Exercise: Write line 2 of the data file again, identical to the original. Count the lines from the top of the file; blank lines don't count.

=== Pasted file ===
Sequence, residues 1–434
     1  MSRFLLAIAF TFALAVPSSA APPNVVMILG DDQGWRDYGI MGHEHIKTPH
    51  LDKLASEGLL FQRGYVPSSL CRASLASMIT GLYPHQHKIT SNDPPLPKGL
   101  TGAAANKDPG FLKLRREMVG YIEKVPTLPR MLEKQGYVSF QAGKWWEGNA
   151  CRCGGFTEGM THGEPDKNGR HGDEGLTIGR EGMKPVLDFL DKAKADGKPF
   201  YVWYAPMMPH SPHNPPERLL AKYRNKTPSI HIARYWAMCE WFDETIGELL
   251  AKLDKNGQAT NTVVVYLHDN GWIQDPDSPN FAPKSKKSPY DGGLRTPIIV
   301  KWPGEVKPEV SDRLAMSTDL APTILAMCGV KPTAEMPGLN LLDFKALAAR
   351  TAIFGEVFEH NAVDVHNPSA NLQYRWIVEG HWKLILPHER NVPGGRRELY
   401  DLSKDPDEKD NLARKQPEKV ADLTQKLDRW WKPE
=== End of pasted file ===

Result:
     1  MSRFLLAIAF TFALAVPSSA APPNVVMILG DDQGWRDYGI MGHEHIKTPH